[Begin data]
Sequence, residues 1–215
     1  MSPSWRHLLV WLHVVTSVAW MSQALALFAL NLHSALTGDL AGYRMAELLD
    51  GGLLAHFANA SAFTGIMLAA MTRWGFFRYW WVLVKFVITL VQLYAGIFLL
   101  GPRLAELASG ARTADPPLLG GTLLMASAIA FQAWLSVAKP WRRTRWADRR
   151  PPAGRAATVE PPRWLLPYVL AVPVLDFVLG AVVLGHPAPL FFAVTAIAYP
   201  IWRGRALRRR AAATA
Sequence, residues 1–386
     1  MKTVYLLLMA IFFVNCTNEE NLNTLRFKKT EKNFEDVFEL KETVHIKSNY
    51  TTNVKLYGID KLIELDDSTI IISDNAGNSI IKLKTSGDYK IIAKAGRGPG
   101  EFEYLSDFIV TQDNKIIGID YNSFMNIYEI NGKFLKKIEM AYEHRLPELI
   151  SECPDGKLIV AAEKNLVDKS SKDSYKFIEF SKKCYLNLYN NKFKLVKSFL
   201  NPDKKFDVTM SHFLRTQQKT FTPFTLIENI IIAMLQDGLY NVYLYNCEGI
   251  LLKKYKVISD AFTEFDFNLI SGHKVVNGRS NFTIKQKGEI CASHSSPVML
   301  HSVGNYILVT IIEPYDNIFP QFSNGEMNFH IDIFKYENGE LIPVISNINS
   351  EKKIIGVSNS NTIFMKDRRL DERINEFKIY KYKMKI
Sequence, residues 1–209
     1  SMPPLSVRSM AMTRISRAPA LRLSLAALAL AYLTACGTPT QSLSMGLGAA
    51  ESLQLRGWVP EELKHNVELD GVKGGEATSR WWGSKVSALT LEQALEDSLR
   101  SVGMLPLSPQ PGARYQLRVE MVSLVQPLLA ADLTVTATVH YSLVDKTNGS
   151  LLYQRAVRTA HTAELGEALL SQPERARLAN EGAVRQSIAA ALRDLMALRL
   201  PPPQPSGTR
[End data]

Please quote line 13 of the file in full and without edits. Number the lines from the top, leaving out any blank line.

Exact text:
   251  LLKKYKVISD AFTEFDFNLI SGHKVVNGRS NFTIKQKGEI CASHSSPVML